Here is a small collection of news items I’ve collected from the web about the Foreign Legion. These clippings are often very interesting and frequently serve as a launching point for further research into the names and events mentioned. For example the short article on Frederick Farrar’s redeeming his reputation in the First World War is about the former domestic chaplain (at Sandringham) to King George who fled England in late 1911 after a scandal over another woman (immorality) and instances of drunkenness. They actually put out a warrant for his arrest but he was one step ahead of the coppers. One wonders where he hid for those years from late 1911 until he popped up on the battlefields of France as a decorated legionnaire in 1916? Rumors had him in Northwest Canada or hiding underground in London. A more reliable article indicated he left for Austria with his wife but after the scandal broke, his newly wed American wife, Nora Davis, returned to the United States with her well known brother Richard Harding Davis but there was never any mention of Farrar following after her. I would like to believe that when he fled to Europe and possible France, as one newspaper speculated, he actually went and joined the French Foreign Legion to bury his indiscretions and start anew. Also, the mention of George Ullard in his role of trench line troubadour in “Strenuous Life in Foreign Legion” (page 9) is confirmed in several other contemporary articles. He seemed to enchant the Germans in the opposing trenches with his singing on several occasions prior to his death.
I hope you enjoy reading these as well as I did.
Legion News Clippings 2
I was away for much of the weekend so this post is a day later than usual but here are some of the interesting Foreign Legion related items I found on the web during the last month.
1. France’s North African Empire II. Here is an interesting article I found about France’s recent operations in North Africa. It’s not entirely about the Foreign Legion but it is about their old stomping ground in the western Sahara. (My ¢ .02: Like many other former colonies around the world it seems most of these north African countries (Mali, Nigeria, Cameroon, Senegal, Mauritania, Chad, Libya and Niger) are destined to become failed states beset by corruption, ethnic disputes and the ever-retarding influence of radical Islam. The big 1960’s socialist-led push for Western powers to jettison their colonial possessions prematurely is finally revealed for the failure it was then and is now. No politically correct mantra can say these countries are better off now than they would have been if they were kept under administrative and military control of their colonial power.)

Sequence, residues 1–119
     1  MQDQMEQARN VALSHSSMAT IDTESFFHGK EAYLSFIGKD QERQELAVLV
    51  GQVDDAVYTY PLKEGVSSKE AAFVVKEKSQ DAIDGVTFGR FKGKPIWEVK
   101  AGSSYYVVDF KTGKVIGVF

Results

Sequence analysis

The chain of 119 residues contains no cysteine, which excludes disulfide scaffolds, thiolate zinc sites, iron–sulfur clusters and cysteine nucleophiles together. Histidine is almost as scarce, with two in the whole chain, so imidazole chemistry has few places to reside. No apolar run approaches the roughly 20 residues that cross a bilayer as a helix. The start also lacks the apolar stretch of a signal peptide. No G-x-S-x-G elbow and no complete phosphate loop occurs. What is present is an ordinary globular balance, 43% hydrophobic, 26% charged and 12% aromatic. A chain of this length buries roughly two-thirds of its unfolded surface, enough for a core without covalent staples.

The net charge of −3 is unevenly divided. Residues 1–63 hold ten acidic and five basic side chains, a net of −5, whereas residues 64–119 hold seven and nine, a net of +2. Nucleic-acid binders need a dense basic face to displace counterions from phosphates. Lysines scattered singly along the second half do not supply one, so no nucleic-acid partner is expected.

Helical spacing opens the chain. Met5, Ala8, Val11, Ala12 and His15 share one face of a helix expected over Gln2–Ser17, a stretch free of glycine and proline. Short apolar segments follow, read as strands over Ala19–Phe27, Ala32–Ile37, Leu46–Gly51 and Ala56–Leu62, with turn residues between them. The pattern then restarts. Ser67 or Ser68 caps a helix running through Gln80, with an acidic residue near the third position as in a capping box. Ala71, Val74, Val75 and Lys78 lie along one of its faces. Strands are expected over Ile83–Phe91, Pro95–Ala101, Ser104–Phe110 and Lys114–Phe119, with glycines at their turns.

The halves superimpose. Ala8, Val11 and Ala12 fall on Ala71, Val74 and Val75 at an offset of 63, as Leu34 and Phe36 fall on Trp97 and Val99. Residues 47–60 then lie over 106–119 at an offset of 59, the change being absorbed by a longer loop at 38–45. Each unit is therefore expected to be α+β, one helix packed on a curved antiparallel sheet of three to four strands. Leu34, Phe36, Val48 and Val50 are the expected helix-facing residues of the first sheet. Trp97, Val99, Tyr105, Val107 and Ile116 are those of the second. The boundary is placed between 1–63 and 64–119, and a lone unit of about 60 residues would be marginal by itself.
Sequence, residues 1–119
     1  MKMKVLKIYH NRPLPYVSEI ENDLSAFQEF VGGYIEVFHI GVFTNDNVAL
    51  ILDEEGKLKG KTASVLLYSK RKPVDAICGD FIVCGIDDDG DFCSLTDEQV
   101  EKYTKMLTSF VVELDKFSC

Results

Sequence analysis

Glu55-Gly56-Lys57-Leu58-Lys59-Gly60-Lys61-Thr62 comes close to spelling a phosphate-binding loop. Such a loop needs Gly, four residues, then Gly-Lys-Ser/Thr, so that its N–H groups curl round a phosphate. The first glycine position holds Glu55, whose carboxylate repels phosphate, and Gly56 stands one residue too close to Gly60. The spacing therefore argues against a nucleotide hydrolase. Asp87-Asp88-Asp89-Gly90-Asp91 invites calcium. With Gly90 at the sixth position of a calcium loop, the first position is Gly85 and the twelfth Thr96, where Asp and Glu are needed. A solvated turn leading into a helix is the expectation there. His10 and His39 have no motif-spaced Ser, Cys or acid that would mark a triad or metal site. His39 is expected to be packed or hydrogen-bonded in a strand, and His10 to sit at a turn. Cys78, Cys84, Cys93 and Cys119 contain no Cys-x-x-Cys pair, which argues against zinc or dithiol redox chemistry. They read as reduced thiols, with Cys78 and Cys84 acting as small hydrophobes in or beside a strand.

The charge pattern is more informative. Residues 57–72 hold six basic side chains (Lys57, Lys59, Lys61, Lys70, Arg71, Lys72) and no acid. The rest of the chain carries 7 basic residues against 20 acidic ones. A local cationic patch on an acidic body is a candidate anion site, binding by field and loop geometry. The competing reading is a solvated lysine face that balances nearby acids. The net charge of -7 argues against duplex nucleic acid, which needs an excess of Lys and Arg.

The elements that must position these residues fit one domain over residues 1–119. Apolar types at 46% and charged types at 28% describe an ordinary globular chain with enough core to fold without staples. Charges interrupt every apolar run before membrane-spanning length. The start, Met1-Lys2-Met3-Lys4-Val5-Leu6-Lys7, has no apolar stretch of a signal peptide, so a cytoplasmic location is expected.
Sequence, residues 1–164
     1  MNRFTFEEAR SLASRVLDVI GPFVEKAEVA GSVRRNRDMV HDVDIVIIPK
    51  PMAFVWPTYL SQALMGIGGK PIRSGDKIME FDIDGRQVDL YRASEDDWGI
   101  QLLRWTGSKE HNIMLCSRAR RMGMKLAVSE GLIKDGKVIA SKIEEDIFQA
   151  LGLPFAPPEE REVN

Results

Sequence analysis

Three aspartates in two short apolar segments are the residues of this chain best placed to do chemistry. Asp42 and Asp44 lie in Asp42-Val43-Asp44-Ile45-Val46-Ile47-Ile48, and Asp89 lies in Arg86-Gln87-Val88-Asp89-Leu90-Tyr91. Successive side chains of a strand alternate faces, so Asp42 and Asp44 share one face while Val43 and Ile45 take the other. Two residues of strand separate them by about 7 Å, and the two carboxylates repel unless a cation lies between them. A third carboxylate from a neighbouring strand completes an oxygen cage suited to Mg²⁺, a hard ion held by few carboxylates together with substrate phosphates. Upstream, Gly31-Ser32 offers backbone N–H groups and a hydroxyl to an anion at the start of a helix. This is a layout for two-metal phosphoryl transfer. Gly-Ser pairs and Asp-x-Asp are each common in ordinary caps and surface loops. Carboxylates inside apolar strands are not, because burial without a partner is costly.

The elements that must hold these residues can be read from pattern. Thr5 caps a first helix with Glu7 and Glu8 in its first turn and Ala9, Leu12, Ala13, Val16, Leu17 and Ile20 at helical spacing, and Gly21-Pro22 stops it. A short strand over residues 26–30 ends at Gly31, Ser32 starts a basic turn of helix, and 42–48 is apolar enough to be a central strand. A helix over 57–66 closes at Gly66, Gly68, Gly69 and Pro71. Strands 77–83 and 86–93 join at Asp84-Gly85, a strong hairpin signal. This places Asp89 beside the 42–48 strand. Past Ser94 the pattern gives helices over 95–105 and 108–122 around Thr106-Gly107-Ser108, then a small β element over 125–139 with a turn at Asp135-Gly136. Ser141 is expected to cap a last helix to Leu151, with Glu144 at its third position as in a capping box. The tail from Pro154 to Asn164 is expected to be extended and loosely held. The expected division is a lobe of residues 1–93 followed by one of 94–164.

2. Forlorn Hope Soldiers. Michel, a reader of this blog, recently pointed me to his Facebook page and pictures of his 54mm desert fort (below). It’s a very nice construction and must take up half his dinner table at that scale. The next steps I would recommend would be a flagpole with the tricolor and some interior furniture such as water barrels, a bench or two, and some ladders.
3. Foreign Legion Fort at Bou Denib. Here is a super awesome desert fort W.I.P. of the Bou Denib blockhouse. It appears to be made with the intention of creating resin copies for use with the ever developing line of 28mm Foreign Legion Miniatures at Unfeasibly Miniatures. More pics here.
4. Triumph & Tragedy in northern Africa. This 2008 after action report from the Hamburger Tactica show somehow eluded me these these last years. It shows a really nice table complete with a Beau Geste type desert fort and a neighboring village and lots of action.
5. Foreign Legion “Twin Machine Guns” Arcade Game. I know this game has nothing to do with history, war gaming, miniatures or literature but it’s still an interesting example of how the Foreign Legion had permeated various nooks and cranny’s of our popular culture over the years. It was made in 1971 when even the Men’s Adventure pulps were dying off and six years before The Last Remake of Beau Geste. Go here for more information.
6. French Foreign Legion: 3e REI & 2e RE. Here is a video on the modern Foreign Legion that is pretty interesting. I’m surprised at how many legionnaires from the UK and Commonwealth countries are in the Foreign Legion. The reputation of these English speakers is that they are more likely to desert than other nationalities but the ones that stay in make the best legionnaires.
It’s Saturday morning here in cold and gloomy Wisconsin. The time of week formerly reserved for kids to get up early and sit before the TV in their pajamas to watch cartoons and adventure shows. So, in the spirit of Saturday mornings long past, here is a bit of juvenile fun from the British comic Lion (15 May 1954). Lesson learned–don’t mess with a Legionnaire’s food.
Grit Gregson_Trouble at the Barracks
(NOTE: These Lion comics were posted to the usenet comic newsgroups a couple years ago so many thanks goes to the original up-loaders.)